In a far-reaching judgment, the Supreme Court has ruled that by joining a coalition government and becoming ministers, Independents will not lose their separate identity, and later by expressing lack of faith in the Chief Minister they will not attract disqualification.

A Bench of Justices Altamas Kabir and Cyriac Joseph gave this ruling while setting aside the Karnataka Assembly Speaker's order disqualifying five Independents for expressing lack of faith in the government, led by the former Chief Minister B. S. Yeddyurappa.

In May 2011, the Bench quashed the order and said it would give detailed reasons later.

Writing the judgment, Mr. Justice Kabir interpreted the provisions of the Tenth Schedule of the Constitution relating to defections and held that the fact that the Independents had joined the BJP government would not mean that they had sacrificed their identities.

The Bench said: “It is no doubt true that an Independent legislator does not always have to express his intention to join a party in writing, but the mere extension of support to Mr. Yeddyurappa and the decision to join his Cabinet, in our view, were not sufficient to conclude that the appellants had decided to join and/or had actually joined the BJP, particularly on account of the subsequent conduct in which they were treated differently from the members of the BJP.”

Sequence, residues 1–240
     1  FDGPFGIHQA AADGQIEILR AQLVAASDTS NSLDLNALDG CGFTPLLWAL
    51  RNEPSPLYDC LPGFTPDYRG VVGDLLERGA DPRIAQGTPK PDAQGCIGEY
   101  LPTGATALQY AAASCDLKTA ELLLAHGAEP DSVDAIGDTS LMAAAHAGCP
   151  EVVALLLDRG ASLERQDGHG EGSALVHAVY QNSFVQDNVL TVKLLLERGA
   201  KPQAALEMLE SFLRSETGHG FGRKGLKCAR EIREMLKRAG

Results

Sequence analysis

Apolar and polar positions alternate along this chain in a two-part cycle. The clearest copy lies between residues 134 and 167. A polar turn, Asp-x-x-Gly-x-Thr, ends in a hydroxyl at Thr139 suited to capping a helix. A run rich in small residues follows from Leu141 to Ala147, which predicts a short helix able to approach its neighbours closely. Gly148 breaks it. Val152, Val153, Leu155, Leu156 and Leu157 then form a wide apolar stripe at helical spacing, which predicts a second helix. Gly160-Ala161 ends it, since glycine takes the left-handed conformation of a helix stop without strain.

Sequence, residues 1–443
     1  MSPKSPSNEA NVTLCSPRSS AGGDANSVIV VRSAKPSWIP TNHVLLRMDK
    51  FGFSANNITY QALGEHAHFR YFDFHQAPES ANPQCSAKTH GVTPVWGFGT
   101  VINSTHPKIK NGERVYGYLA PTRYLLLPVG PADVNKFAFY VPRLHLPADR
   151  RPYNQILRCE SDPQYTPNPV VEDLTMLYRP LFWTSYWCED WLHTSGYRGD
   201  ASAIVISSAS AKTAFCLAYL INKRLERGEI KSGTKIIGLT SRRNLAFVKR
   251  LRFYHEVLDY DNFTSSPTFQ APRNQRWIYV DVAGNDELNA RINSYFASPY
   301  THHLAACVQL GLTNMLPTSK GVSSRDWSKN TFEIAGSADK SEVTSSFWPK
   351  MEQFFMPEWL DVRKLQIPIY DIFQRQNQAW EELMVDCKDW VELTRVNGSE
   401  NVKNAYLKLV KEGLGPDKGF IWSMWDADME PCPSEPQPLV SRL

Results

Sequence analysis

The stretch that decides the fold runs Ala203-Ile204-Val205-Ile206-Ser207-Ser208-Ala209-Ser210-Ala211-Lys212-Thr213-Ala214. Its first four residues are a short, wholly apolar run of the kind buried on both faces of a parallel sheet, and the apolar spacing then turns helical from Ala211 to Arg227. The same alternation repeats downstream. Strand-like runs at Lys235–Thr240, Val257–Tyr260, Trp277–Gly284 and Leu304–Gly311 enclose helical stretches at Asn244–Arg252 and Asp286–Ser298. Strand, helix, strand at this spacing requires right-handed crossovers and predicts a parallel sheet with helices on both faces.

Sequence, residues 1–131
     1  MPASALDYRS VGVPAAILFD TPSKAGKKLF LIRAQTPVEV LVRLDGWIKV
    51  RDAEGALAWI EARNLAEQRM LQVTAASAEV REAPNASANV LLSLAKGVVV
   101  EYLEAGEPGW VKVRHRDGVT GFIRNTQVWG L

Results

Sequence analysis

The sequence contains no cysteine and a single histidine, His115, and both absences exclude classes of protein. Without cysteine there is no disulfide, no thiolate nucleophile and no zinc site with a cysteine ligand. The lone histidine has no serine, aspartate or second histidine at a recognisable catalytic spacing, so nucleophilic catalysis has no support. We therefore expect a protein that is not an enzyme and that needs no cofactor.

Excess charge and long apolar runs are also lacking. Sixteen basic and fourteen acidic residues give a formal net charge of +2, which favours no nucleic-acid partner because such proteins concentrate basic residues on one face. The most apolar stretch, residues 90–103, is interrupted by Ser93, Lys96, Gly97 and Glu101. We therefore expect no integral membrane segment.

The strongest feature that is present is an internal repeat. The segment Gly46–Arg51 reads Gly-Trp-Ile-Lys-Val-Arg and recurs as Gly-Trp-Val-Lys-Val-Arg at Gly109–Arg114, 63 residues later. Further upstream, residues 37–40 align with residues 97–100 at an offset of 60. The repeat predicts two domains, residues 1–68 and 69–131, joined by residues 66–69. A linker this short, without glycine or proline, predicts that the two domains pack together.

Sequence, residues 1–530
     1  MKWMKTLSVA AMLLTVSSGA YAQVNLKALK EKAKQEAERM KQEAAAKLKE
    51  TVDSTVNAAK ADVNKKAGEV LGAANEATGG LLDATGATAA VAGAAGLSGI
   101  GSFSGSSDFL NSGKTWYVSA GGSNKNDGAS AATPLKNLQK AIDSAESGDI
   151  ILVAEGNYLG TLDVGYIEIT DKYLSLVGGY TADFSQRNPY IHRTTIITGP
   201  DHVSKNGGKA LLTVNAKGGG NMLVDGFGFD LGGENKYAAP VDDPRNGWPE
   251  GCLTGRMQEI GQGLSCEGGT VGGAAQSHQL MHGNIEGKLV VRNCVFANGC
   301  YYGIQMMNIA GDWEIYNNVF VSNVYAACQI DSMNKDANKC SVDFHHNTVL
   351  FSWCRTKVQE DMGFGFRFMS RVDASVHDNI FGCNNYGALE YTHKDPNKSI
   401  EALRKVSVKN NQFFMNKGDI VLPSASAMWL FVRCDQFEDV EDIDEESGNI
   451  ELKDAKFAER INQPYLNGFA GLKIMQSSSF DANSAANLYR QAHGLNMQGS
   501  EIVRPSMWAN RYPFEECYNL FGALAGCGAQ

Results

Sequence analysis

“In the facts of this case, there is no material or evidence to show that the appellants had, at any time, joined the BJP. Even as Independents, the appellants could extend support to a government formed by a political party and could become a Minister in such government. There is no legal bar on… such extension of support or joining the government. Hence, such extension of support or joining the government as Minister by an Independent does not by itself mean that he has joined the political party which formed the government. There is also no evidence to show that the appellants were accepted and treated as members of the BJP by that … party. It is to be noted that the petitioners before the Speaker had no grievance about the appellants supporting the BJP government and becoming Ministers in the government for more than two years.”

The Bench said: “Only when the appellants withdrew support to the government led by Mr. Yeddyurappa and a confidence vote was scheduled to be held did the petitioners rake up the issue of alleged disqualification”. On the contention that the Speaker was not amenable to court jurisdiction, the Bench, citing various decisions, held that under the Constitution, “the Speaker discharges quasi-judicial functions, which makes an order passed by him in such capacity subject to judicial review.”

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